Pollsters are taking a lot of heat from the public and the media for not anticipating Sen. Ted Cruz’s (R-Texas) victory in Monday night’s Iowa caucus. But some of those critics in the media share the blame. Pollsters tried to tell us that the outcome was highly uncertain -- and in some cases, we listened. Still, enough headlines in the last week broadcast Donald Trump’s lead that it gave the appearance of certainty in the polls.
There’s a conundrum for the media, though: "Donald Trump Leads" simply generates more attention and traffic than "We Don’t Know What Will Happen." In reality, the latter probably should have been the headline.
HuffPost Pollster isn’t immune. Since we started doing daily HuffPollster newsletters last week, three of the first six featured headlines about Trump gaining or leading in the polls. Although we did get the appropriate caveats in the articles, and focused on questions about turnout, voters changing their minds and the potential strength of Florida Sen. Marco Rubio, we still used the horse race headlines to attract attention.
Why does the message of the horse race prevail so much? In short, because polls are the only thing that give us an idea of where voters stand. We can watch campaign organizations and candidate speeches and a thousand other pieces of the process -- but if we don’t have some concept of what the voters are thinking, it’s difficult to contextualize how the campaigns are going.
It’s also really catchy to be able to put candidates in an order -- stories about the horse race generate much more attention than articles about the caveats to the polls. HuffPost Pollster published two articles on Saturday: The one focused on the horse race was clicked over 700,000 times in three days, and the one explaining what could cause the polls to be wrong got less than half that in the same time. Media requires an audience, and the horse race brings an audience.
In the media’s defense, pollsters often lead their press releases with the horse race numbers. The most recent release from the NBC News/Wall Street Journal/Marist poll in Iowa featured Trump’s lead in the headline. Monmouth University’s last Iowa release was simply titled "Trump Takes Caucus Lead." And Quinnipiac University’s said "First-Timers Put Trump Ahead In Iowa GOP Caucus," which focused on Trump but at least provided some sort of caveat with the issue of first-time caucusgoers. After all, public pollsters need an audience, too -- and pollsters often work closely with the media.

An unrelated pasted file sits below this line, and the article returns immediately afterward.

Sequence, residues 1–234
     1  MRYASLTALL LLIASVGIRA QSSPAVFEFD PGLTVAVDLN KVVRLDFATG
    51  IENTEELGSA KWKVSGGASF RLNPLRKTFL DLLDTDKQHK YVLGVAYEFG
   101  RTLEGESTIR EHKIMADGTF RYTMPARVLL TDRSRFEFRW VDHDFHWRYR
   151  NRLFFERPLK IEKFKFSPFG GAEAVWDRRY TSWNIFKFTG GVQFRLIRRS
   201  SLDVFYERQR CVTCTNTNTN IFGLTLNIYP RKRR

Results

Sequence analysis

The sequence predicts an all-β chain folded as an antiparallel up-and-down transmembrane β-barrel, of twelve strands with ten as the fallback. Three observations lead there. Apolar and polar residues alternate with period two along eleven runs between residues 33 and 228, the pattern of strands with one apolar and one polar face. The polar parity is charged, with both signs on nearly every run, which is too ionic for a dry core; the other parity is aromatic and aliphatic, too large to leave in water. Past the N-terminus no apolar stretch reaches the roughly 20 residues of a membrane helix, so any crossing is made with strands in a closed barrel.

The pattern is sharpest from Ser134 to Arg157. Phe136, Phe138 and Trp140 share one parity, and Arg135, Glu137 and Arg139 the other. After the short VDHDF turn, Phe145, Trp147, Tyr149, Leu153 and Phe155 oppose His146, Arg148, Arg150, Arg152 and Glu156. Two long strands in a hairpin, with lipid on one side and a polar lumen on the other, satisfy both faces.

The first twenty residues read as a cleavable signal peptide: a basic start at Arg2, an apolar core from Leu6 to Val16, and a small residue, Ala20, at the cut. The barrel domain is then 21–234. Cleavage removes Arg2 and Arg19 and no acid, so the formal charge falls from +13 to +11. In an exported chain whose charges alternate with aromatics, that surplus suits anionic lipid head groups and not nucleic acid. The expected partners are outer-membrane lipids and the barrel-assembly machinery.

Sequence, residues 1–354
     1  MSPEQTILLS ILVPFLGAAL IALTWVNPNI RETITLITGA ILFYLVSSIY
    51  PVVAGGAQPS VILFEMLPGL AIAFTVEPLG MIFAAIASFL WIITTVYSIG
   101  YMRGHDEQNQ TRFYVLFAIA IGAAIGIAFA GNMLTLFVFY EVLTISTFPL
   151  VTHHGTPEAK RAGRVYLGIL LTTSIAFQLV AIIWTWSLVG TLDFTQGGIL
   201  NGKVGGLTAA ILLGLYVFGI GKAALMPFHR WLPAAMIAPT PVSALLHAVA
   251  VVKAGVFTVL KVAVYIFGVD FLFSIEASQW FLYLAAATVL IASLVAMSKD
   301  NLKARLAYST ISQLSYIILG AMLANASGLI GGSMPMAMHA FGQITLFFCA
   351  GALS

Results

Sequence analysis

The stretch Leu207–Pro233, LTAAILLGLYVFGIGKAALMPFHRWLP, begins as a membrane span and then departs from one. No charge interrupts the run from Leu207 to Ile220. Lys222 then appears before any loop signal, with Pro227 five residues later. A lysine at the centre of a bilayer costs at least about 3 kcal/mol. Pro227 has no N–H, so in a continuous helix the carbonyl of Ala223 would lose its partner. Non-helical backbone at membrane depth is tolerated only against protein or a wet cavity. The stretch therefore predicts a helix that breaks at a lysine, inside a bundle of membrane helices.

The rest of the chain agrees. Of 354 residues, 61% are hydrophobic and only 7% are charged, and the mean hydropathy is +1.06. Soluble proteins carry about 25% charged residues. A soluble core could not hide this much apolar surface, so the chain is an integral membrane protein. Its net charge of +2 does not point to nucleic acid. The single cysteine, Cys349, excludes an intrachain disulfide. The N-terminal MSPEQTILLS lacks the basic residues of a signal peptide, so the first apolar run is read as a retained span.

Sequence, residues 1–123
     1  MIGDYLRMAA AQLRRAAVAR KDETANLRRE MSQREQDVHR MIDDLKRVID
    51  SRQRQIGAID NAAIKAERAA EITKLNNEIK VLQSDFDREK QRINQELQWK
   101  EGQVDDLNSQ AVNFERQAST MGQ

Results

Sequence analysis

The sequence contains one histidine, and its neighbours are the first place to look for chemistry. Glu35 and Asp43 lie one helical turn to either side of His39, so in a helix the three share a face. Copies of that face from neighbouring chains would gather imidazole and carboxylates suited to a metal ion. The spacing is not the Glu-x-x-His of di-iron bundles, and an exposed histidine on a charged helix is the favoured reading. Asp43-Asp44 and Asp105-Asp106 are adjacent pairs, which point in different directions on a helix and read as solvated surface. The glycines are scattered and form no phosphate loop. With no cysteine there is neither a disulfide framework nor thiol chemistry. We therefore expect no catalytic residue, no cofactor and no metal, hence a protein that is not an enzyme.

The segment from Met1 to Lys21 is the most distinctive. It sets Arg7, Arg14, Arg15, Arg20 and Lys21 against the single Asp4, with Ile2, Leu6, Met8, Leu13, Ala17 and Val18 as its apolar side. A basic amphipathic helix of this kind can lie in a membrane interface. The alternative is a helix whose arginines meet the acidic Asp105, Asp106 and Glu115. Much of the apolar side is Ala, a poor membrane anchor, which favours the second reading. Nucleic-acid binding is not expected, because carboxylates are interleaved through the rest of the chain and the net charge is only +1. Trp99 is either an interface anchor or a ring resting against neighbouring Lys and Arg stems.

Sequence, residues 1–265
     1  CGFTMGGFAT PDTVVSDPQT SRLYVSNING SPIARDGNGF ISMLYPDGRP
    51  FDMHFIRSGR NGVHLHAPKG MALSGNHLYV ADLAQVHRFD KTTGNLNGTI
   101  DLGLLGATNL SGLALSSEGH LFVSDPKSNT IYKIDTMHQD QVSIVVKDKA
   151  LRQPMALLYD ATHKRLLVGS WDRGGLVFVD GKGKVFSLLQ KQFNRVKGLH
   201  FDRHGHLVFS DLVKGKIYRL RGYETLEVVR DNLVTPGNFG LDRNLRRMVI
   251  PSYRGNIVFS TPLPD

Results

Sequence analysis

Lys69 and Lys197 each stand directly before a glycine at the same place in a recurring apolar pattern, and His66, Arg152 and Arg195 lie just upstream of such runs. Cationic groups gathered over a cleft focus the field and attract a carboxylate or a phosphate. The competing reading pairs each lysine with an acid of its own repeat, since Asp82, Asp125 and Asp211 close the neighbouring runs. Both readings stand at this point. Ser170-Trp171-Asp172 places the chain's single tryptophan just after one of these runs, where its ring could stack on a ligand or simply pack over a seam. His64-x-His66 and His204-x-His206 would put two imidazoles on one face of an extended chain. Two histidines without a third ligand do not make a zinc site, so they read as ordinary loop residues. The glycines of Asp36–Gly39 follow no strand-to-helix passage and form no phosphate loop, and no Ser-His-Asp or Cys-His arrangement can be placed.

But you don’t have to look far beyond the headlines to find plenty of caveats to Trump’s lead in these releases, and reporters should be able to go beyond the press release headlines in reporting polls.
The Des Moines Register, which has the venerated J. Ann Selzer conducting its polls, used "Donald Trump reclaims lead in latest Iowa poll" as its headline. But Selzer herself was quoted as saying of the poll: "The drill-down shows, if anything, stronger alignment with Cruz than Trump, except for the horse race." The paper did at least put this near the top of the story, but below a headline and opening paragraph touting Trump’s advantage.
The caucus process in Iowa is fraught with opportunities to surprise pollsters and pundits, and Selzer reminded us of that last week, too. At the same time, many were clamoring for her last poll and building her results up as the most accurate. Selzer is an excellent pollster -- but perhaps the story should have been to heed her warnings.
Many in the media did provide the appropriate caveats about the polls. HuffPost Pollster pinpointed the three major factors that would -- and did -- cause the caucus outcome to differ from the polls. We also pointed out that Rubio could be a spoiler. Nate Silver offered his take, and explained that his forecasts showed considerable uncertainty. Yet the message that seemed to prevail was "Trump Leads In Iowa."
Unfortunately, the easiest thing to focus on is probably the least important, as Iowa Republicans demonstrated at the caucus. So while the pollsters are taking heat and evaluating their work after missing the outcome in the Iowa Republican caucuses, the media needs to examine its practices covering polls and how we can balance drawing audiences in without overhyping results. Pollsters didn’t do this alone.
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